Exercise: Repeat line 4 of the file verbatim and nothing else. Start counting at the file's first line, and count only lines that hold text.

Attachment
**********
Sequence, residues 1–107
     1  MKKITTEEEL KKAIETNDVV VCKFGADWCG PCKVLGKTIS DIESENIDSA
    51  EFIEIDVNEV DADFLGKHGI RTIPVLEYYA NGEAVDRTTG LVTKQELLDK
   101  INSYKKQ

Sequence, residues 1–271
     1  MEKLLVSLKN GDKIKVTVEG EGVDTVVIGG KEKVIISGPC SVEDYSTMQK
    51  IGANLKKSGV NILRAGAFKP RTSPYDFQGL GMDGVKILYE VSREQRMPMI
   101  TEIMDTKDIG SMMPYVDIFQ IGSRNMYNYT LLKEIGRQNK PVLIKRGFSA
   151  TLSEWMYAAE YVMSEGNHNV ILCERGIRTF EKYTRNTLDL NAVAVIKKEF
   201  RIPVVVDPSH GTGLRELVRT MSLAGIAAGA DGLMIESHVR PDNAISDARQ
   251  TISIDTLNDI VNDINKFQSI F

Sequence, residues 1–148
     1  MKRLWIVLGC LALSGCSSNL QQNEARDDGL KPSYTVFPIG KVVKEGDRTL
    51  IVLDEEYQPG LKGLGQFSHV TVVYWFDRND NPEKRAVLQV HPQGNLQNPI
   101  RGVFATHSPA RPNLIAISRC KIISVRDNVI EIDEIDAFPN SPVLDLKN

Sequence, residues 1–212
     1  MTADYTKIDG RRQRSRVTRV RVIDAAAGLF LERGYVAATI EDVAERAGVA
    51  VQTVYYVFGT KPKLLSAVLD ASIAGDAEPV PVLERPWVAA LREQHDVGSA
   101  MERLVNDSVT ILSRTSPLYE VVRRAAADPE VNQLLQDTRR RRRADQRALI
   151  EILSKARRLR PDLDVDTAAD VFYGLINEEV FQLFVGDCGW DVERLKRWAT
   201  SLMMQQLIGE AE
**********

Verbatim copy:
   101  INSYKKQ